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Tallying the cost of World Cup social mentions

We all know the saying that 'talk is cheap', but the World Cup is proving that for some companies, talk might be very expensive.
Tallying the cost of World Cup social mentions - 25AM
click to enlarge
Take Yingli, for instance, a solar panel company that paid an estimated $17,5m to be a World Cup sponsor. Since Yingli enjoyed just 2,782 mentions in social media, that's $6,290 for every social media mention they received.

McDonald's enjoyed a far better bang for their buck, with the burger company mentioned 2,700,358 times by World Cup watchers - and that's before the final that will generate a Twitter storm. In cost-per-mention terms, it cost McDonald's just $6.48 for every mention it received. But since that could buy you two Big Macs each time someone mentions the company name on social media, was it money well spent?

Strategic digital media consultancy 25AM tracked global social media conversations during the World Cup, using ExactTarget Marketing Cloud software to analyse what the public is saying about the sponsors.

The aim is to test whether the world cup and players do indeed get sufficient talkability and conversational amplification around their brands to justify the expense in sponsorship and endorsement.

Imagine how excited companies get to see their name clearly visible behind the gyrating Germans as they slam their seventh goal into the net. But if people still don't talk about Yingli solar panels, Budweiser Beer, Moy Park chickens and Continental tyres, maybe it's not money well spent?

The intangible value of linking your brand to the world's most famous footballers is very difficult to measure, says Gordon Geldenhuys, head of online reputation management at 25AM. But he believes it's possible to gauge the value in practical terms using social media listening tools.

"Measuring the return on investment is a very real and contentious issue, as marketers are struggling to justify a solid return for the financial investment in social marketing, sponsorship and marketing in general," he says. "The explosion of activity on Twitter during the matches has been phenomenal, so it's natural for some of the world's biggest brands to spend huge sums of money in sponsorship to capitalise on this hype. But how do we quantify the return that they are getting for this sponsorship?"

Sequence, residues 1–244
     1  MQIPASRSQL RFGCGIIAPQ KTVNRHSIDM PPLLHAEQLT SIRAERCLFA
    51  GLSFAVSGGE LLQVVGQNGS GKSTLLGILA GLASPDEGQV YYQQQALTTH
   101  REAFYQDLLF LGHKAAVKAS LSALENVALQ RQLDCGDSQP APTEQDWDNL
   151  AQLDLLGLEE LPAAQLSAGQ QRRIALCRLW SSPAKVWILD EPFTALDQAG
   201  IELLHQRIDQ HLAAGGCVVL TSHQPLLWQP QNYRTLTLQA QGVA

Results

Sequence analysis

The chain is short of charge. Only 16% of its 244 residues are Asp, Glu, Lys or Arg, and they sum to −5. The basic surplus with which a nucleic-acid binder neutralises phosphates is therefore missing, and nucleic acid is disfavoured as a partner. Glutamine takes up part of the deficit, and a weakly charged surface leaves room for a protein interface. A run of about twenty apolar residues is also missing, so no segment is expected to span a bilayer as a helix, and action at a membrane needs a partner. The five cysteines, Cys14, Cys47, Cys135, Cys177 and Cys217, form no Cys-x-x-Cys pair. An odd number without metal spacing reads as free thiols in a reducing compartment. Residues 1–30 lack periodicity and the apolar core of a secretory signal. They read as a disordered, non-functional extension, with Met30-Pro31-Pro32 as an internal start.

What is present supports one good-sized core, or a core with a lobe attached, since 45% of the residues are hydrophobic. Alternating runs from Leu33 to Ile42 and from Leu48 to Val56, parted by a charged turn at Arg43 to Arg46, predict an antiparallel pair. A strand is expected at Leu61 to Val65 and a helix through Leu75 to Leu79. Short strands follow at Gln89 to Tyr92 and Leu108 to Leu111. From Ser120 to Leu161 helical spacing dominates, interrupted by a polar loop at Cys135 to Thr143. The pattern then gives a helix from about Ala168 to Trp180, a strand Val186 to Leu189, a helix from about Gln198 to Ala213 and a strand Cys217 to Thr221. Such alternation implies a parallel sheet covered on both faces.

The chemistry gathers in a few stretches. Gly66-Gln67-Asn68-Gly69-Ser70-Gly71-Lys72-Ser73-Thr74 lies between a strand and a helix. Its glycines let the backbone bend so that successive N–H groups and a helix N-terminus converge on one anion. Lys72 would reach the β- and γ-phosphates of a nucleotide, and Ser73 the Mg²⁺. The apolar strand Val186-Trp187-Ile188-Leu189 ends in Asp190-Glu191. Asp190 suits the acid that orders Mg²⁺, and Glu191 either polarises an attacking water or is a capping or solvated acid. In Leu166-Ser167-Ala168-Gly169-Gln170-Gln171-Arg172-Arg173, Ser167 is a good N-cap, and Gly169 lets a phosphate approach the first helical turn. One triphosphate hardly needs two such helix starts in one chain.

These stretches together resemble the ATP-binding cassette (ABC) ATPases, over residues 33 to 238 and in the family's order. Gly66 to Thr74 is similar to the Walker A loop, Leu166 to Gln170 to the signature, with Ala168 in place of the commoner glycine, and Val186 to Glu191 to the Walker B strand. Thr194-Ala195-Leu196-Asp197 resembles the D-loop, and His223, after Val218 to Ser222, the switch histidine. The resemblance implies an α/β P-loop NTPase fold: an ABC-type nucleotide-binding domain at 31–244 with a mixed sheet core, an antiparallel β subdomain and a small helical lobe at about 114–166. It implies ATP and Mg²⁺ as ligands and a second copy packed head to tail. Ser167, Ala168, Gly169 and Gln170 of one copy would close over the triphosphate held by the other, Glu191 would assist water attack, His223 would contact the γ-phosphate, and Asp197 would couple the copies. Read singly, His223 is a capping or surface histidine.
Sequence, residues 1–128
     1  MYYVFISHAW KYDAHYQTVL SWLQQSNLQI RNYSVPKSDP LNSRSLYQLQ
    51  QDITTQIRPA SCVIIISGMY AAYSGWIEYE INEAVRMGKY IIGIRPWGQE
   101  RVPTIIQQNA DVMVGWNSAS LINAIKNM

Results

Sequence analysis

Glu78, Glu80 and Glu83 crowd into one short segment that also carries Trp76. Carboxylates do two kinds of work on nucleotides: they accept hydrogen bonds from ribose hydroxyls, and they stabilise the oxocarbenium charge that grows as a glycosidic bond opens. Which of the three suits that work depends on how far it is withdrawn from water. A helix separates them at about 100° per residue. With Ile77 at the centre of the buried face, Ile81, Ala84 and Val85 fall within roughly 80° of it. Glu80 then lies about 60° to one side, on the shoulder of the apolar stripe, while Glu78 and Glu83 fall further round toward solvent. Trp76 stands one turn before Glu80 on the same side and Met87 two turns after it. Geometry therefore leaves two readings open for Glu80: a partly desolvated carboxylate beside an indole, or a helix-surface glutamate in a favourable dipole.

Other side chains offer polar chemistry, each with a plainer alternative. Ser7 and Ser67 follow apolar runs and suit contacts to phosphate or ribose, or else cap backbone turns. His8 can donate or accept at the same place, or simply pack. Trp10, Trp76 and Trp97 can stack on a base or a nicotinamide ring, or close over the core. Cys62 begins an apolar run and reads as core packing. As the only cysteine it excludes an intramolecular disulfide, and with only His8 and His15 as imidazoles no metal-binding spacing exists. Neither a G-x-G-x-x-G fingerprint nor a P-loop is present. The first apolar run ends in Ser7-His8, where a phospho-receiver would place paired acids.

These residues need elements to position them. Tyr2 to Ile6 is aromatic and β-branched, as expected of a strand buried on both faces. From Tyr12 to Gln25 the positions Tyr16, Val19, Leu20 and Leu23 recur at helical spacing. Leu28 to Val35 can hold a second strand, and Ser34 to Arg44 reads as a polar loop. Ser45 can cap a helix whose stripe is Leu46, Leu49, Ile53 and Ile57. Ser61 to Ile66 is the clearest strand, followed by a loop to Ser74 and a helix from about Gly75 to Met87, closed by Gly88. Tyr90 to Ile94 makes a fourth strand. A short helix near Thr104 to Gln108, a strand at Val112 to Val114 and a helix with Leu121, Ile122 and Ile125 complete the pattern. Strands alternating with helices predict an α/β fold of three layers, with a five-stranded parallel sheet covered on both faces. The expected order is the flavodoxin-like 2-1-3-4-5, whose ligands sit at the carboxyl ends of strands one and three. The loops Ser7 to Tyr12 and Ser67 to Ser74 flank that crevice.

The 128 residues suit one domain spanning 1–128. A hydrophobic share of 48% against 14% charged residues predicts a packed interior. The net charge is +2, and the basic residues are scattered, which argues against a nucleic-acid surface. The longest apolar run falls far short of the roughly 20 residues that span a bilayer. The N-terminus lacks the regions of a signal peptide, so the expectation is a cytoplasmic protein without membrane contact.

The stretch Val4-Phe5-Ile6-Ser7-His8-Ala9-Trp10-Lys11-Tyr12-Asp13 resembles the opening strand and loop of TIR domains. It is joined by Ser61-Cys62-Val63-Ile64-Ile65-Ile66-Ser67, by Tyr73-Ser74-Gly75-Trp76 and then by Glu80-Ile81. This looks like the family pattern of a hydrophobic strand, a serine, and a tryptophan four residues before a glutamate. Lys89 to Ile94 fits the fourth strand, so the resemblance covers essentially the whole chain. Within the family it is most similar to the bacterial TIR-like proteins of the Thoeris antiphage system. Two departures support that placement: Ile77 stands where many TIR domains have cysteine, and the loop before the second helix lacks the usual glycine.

The 25AM infographic here will give them more food for thought. In sheer monetary terms, it may be difficult to justify spending so much for so few mentions. But where do you draw the line? Advertising has no goal-mouth technology to tell you when you've missed the mark or scored an own goal.

25AM analysed more than 26 million social media conversations and counted the specific mentions of each official sponsor, partner and some key players to test the value of their investments.

McDonalds earned a tasty amount of talk and therefore the lowest cost per mention. "Every social mention cost the company the equivalent of two Big Macs," Geldenhuys says. "How much more tangible can we get than relating the value per social mention directly back to each sponsor's product offerings?"

Budweiser achieved a solid cost per mention of $91, 71 equating to 11 beers per mention and Moy Park incurred a cost of 4,932.36 per social mention amounting to 3162 chickens per mention.

Yingli was the worst performer at more than $6,000 per mention."

World Cup partner companies spent even more, pumping in an estimated $34-million each. The 25AM infographic shows that Kia Motors fared the best with 118,146 mentions, while Visa perhaps did not leverage the association as successfully with just 5,653 mentions at $6,000 per punt.

As for the players, before the semi-finals Brazil's Neymar da Silva Santos was the most talked about man on social platforms.

    
 

25AM's press office

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Read more: Gordon Geldenhuys, 25AM

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